4.  The settlements are linked by specially built roads, which take up more land and which are not open for use by the Palestinians in the West Bank. This road network has carved up the West Bank into Israeli and Palestinian populated areas, making passage between the settlements and Israel easier, but between Palestinian areas much more difficult. Settlers consume much more water per capita than the Palestinians, but Israeli regulations prevent the Palestinians from drilling new wells and sharing access to existing ones. The nomad or bedouin communities have been deprived of freedom of movement and they are penned into ever more restricted areas or actually moved into newly designated areas with scarce resources.

  5.  The EU and the UK government recognised relatively early the need to improve transparency and accountability in the PA finances. A major study undertaken in the late 1990s with EU funding, under the auspices of the US Council on Foreign Relations and a US-European board of prominent figures, resulted in a comprehensive reform plan which has been partly implemented and forms the backdrop to more recent measures urged by the Quartet in accordance with "the Road Map". The PA budget has been managed more efficiently and transparently, under Salam Fayed, and its finances are channelled through a single account monitored by the World Bank/IMF. Since the start of the Intifada, however, PA data files and records have been destroyed or confiscated in Israeli military operations and its income has plummeted, rendering it dependent on aid. Meanwhile, efforts to introduce new Palestinian-legislated measures to manage development and provide safeguards for private sector activity have been impeded by the conflict. The problem of the leadership style of President Arafat, with overlapping ministerial responsibilities and his interference in their decisions has not been fully resolved. Yet the insistence by the Quartet, and especially the United States, that the reform agenda be used to sideline Arafat in favour of an appointed Prime Minister acceptable to the US and Israelis has discredited the reform programme in the eyes of ordinary Palestinians. Efforts by the UK government, spearheaded by DFID, to enhance the governing and negotiating capacity of the PA bureaucracy has been effective behind the scenes. This work could be wasted if the PA is driven to collapse through the Israeli preoccupation with removing Arafat and/or forcing the PA to imprison Hamas.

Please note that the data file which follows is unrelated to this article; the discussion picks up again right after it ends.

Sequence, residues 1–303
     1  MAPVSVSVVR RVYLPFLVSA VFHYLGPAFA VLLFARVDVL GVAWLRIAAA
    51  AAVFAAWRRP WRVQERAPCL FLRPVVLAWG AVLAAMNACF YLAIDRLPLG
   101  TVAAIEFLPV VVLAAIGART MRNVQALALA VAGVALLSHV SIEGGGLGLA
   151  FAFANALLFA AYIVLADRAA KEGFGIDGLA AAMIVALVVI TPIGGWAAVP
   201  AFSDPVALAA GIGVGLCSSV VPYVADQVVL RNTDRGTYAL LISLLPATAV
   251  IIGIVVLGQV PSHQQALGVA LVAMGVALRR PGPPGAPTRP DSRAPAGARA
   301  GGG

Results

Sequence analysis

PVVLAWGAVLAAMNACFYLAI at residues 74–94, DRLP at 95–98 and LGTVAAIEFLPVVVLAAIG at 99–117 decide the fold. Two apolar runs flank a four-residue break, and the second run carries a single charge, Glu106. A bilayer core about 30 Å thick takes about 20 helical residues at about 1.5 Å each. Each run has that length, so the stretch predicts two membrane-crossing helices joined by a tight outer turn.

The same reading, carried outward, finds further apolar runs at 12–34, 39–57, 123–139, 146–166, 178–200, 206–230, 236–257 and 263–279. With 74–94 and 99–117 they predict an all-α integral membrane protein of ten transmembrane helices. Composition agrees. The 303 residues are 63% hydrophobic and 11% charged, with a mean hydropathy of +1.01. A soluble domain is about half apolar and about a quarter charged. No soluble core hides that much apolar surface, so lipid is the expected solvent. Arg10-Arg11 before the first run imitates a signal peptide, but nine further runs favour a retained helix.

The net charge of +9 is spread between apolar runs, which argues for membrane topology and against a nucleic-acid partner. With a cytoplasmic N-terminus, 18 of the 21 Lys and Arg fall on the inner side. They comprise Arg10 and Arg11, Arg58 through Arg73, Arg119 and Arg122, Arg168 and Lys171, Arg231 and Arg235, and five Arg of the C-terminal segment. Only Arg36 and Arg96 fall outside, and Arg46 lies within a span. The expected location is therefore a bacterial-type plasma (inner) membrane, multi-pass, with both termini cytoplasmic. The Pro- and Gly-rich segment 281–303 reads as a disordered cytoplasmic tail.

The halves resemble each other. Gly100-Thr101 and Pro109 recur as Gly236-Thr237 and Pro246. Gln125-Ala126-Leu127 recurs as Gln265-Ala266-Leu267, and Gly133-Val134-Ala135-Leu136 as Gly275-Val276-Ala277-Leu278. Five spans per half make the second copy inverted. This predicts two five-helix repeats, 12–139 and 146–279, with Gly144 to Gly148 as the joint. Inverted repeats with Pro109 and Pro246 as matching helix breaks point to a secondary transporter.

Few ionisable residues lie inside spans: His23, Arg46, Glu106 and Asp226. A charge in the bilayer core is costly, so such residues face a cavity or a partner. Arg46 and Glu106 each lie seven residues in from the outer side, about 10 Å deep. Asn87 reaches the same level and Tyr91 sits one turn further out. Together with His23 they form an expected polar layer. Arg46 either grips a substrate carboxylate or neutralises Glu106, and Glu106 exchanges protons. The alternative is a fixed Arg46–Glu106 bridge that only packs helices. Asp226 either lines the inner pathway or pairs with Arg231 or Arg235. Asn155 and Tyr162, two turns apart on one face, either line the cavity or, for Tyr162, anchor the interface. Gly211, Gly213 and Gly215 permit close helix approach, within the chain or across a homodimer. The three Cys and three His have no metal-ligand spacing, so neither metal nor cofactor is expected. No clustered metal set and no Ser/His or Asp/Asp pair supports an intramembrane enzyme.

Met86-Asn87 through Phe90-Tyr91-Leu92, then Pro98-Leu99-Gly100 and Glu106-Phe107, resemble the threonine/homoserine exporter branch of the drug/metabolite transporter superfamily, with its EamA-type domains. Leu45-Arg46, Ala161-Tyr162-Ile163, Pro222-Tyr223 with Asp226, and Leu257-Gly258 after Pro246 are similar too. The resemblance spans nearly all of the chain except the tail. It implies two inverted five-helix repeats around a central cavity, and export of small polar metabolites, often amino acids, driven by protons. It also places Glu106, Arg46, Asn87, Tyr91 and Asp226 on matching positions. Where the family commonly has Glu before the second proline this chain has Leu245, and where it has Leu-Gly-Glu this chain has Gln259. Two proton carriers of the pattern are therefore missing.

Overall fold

6.  Civil society organisations and Palestinian NGOs have been funded through the international donor community to mount activities that engender skills and promote civil society. They have managed to keep going despite all the difficulties impeding normal economic and social life. However these organisations face some specific problems. Islamic organisations, which perform needed welfare functions are now discriminated against because of their Islamic character (and thence fears that they are the vehicle for terrorism). This strategy flies in the face of the actual character of the Palestinian civil society. In these circumstances there is a danger that the secular Palestinian NGOs could come in for increasing criticism in the community as agents of the West (which is increasingly seen as anti-Islamic in orientation and facilitating the occupation). Possibly, if Hamas activities are to be banned, then funds should be made available to new grass roots organisations, including those with an Islamic orientation, on some basis which links them in to a national endeavour to build Palestinian civil society but bars them from pursuing violence.

  7.   To conclude: There is only so much that can be achieved pending a resolution of the conflict. In the meantime, UK assistance to enhance the capacity of the PA to govern effectively and manage its accounting transparently should be continued. To lose the PA (which overlaps with the PLO) is to lose the only national leadership the Palestinians have in the West Bank and Gaza and the only potential negotiating partner available to Israel. (The PLO is of course the recognised representative of all Palestinians, in the West Bank, Gaza and beyond, in the region and across the world, and Arafat remains its Chairman—to sideline Arafat therefore has ramifications well beyond Ramallah!) Support for civil society organisations and activities should also be continued, and in a way that recognises the place of Islam in Palestinian identity and provides some vibrancy and hope at the grass roots level. In all this, the UK can disassociate itself from those in Israel who want to reduce the Palestinian leadership to local authorities operating in individual cities and enclaves, under continued occupation. To keep alive the prospect and viability of a two state solution to the conflict the Palestinians need their governing authority to speak for the national cause and take on the task of government in the state that is promised.

September 2003